Based on the recommendations from the COVID-19 Task Force the Basic Life Support, Paediatric and Advanced Life Support Task Forces updated existing recommendations for the recognition of cardiac arrest, dispatcher-assisted CPR, bystander CPR (adults and children), public access defibrillation, airway management, mechanical chest compression devices and resuscitation when facing resource limitations. Full details of these recommendations are available in the electronic supplemental material and on the ILCOR website (www.ilcor.org).
      The recommendations were posted for public comment for a period of one week. Feedback received during the public commenting period highlighted the challenges of balancing the risks to those providing resuscitation with the potential benefits for the person requiring resuscitation. ILCOR seeks to provide evidence-based recommendations for implementation by regional and national resuscitation councils.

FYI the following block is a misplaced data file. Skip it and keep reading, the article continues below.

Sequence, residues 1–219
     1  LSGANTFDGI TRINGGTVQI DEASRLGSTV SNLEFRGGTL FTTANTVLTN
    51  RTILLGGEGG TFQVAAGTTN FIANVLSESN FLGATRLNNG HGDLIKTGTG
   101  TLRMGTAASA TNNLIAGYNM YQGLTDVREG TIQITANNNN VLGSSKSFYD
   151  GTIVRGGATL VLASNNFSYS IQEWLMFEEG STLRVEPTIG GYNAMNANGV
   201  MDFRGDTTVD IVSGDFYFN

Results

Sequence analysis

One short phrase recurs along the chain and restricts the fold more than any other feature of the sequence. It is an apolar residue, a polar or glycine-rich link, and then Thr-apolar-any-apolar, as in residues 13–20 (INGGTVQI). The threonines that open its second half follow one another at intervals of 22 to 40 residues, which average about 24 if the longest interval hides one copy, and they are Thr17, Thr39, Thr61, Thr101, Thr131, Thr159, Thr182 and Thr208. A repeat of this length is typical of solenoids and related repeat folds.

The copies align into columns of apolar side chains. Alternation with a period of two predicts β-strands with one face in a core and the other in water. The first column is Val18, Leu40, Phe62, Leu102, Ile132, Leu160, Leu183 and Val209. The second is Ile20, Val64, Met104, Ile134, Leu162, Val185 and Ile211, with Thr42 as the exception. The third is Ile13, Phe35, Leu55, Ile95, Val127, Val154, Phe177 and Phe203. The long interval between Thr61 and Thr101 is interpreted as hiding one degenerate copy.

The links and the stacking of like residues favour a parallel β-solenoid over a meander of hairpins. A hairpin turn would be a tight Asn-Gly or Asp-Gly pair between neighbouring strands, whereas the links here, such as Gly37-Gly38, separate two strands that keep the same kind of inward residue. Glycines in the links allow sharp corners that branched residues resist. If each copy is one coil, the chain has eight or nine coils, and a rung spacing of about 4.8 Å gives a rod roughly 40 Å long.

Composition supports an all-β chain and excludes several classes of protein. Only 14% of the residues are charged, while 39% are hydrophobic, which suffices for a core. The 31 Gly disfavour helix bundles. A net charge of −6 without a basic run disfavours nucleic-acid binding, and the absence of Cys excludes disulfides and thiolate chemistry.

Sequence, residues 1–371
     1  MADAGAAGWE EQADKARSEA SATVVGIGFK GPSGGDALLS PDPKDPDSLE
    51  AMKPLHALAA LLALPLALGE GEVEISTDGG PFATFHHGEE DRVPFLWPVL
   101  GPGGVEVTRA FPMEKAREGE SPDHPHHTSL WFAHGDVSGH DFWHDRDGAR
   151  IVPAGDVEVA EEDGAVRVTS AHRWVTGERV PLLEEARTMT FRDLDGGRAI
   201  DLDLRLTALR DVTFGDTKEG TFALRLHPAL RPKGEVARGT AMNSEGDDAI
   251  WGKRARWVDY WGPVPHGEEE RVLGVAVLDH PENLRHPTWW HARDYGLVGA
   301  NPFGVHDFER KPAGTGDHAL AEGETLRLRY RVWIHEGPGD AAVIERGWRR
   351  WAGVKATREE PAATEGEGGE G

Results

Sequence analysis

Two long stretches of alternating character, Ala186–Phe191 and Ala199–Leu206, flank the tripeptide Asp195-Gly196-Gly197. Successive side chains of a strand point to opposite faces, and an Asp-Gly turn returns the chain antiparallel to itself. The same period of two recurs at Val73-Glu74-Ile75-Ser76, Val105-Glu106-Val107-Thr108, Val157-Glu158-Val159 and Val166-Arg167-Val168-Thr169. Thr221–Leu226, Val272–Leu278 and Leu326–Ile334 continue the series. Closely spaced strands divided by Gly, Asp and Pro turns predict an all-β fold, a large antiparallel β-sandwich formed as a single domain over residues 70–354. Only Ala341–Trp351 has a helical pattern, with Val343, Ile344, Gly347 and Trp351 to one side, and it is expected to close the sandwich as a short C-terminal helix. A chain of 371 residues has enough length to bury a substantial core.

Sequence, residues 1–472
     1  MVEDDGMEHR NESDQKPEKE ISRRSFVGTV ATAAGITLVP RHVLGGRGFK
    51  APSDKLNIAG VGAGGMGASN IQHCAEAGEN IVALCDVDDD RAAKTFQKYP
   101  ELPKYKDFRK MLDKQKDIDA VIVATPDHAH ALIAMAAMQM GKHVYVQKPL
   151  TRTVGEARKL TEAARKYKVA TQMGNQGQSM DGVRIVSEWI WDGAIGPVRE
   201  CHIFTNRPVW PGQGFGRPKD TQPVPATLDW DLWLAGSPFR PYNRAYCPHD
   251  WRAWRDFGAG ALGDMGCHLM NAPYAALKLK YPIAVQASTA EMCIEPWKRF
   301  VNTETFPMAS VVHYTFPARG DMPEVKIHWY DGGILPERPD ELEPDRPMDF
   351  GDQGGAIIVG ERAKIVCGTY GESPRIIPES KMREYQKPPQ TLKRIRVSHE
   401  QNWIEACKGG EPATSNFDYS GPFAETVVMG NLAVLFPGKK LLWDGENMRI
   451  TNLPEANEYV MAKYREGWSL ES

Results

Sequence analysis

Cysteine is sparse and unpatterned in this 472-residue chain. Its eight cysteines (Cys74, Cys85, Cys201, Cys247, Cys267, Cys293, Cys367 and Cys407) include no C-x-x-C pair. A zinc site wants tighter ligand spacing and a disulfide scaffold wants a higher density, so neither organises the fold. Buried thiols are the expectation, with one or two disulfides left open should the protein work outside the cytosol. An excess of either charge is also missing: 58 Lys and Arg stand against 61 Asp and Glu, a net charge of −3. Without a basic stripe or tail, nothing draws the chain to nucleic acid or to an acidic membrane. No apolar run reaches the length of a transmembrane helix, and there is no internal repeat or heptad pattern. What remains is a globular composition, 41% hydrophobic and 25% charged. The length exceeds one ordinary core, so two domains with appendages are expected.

• Perkins G.D.
      • Neumar R.
      • Monsieurs K.G.
      • et al.
      The International Liaison Committee on Resuscitation-Review of the last 25 years and vision for the future.
      The practical implementation of these recommendations will require regional and national resuscitation councils to consider the values and preferences of their local communities, the prevalence of disease, availability of PPE, training needs of their workforce and infrastructure/resources to provide on-going care for patients resuscitated from cardiac arrest.

      Conflict of interest

      This invited commentary was submitted by the International Liaison Committee on Resuscitation which is supported by the American Heart Association, European Resuscitation Council, Resuscitation Council Southern Africa, InterAmerican Heart Foundation, Heart & Stroke Foundation of Canada; Australian and New Zealand Committee on Resuscitation.

      Appendix A. Supplementary data